The Benefits of Bone Broth: Part 1
Hello to our many wonderful customers at the Broad Street Market. I wonder how we would find you, if we'd peep into each of your homes - hopefully in good, vibrant health. It's amazing that summer is almost behind us and fall is rapidly approaching. We've had many wonderful rains the past few months which we are thankful for. This month, we'd like to tell you about bone broth. Bone broth is an amazingly nutritious food.
Bone broths are given special emphasis among traditional foods circles. Pre-industrial societies across the globe have always placed particular and special emphasis on the preparation of the whole animal — and that includes emphasis on using bones for making broth. African tribes placed emphasis on bone broths for babies and small children. In Asia, emphasis is placed on stocks and broths made from fish and fish bones. In Europe, stocks and broths have become the foundation of cooking and are used in not only making soups and stews, but also for preparing reductions, sauces, and for braising vegetables and meats.
What’s the difference between broth, stock and bone broth?
In traditional foods circles you’ll hear a lot about broth, stock and bone broth — and they’re typically used interchangeably. Bone broth, broth and stock are built on the same basic foundation: water, meat or bones (or both), vegetables and seasonings. As it cooks, the liquid is typically skimmed (although this is not necessary since the scum that rises to the top of the stock pot — off-putting as it is — is a rich source of amino acids) and eventually the solids are removed by straining the stock with a fine-mesh sieve or reusable coffee filter.
Broth is typically made with meat and can contain a small amount of bones (think of the bones in a fresh whole chicken). Broth is typically simmered for a short period of time (45 minutes to 2 hours). It is very light in flavor, thin in texture and rich in protein.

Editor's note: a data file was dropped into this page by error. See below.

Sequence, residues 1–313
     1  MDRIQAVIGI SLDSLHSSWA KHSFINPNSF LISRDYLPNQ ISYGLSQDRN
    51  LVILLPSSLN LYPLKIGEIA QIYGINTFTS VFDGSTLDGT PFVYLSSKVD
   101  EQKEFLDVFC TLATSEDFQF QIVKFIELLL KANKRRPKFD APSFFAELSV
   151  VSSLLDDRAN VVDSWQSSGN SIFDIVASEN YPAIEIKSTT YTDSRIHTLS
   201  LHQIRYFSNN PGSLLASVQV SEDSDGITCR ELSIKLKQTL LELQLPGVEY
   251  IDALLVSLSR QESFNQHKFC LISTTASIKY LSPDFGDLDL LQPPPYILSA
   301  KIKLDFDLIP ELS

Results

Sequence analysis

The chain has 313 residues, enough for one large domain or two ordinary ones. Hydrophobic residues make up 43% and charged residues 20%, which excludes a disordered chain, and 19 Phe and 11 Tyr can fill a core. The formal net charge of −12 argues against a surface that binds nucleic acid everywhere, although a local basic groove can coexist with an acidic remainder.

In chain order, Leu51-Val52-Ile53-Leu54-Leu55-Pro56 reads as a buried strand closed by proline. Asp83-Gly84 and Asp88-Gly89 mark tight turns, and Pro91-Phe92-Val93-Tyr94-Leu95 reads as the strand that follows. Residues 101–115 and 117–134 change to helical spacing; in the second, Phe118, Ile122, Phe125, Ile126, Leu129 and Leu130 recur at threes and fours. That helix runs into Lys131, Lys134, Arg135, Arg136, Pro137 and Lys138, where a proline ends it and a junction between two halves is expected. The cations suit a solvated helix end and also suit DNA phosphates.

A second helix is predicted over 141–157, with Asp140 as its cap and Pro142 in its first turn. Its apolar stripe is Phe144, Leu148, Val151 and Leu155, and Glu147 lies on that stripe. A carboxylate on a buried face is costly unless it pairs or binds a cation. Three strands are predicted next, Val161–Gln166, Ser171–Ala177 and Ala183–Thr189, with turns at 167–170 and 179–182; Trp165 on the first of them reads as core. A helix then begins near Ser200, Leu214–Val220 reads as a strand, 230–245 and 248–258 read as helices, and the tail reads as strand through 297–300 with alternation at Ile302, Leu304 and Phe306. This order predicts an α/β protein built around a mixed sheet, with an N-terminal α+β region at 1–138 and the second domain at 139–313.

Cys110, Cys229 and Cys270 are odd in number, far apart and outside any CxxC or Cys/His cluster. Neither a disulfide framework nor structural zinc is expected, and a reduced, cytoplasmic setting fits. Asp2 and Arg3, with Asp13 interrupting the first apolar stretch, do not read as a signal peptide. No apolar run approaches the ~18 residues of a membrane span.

Stock is typically made with bones and can contain a small amount of meat (think of the meat that adheres to a beef neck bone). Often the bones are roasted before simmering them as this simple technique greatly improves the flavor. Beef stocks, for example, can present a faint acrid flavor if the bones aren’t first roasted. Stock is typically simmered for a moderate amount of time (3 to 4 hours). Stock is rich in minerals and gelatin.
Bone Broth is typically made with bones and can contain a small amount of meat adhering to the bones. As with stock, bones are typically roasted first to improve the flavor of the bone broth. Bone broths are typically simmered for a very long period of time (often in excess of 24 hours). This long cooking time helps to remove as many minerals and nutrients as possible from the bones. At the end of cooking, so many minerals have leached from the bones and into the broth that the bones crumble when pressed lightly between your thumb and forefinger.
Why bone broths are good for you
Bone broths are extraordinarily rich in nutrients – particularly minerals and amino acids. Bone broths are a good source of amino acids – particularly arginine, glycine and proline. Glycine supports the body's detoxification process and is used in the synthesis of hemoglobin, bile salts and other naturally-occurring chemicals within the body. Glycine also supports digestion and the secretion of gastric acids. Proline, especially when paired with vitamin C, supports good skin health. Bone broths are also rich in gelatin which improves collagen status, thus supporting skin health. Gelatin also support digestive health which is why it plays a critical role in the GAPS diet. And, lastly, if you’ve ever wondering why chicken soup is good for a cold, there’s science behind that, too. Chicken stock inhibits neutrophil migration; that is, it helps mitigate the side effects of colds, flus and upper respiratory infections. Pretty cool, huh?
Next month, Bone Broth: Part II will include instructions for making, using and storing bone broth. You can find all the ingredients you need to make bone broth at our Broad Street Market Stand.
Republished from The Nourished Kitchen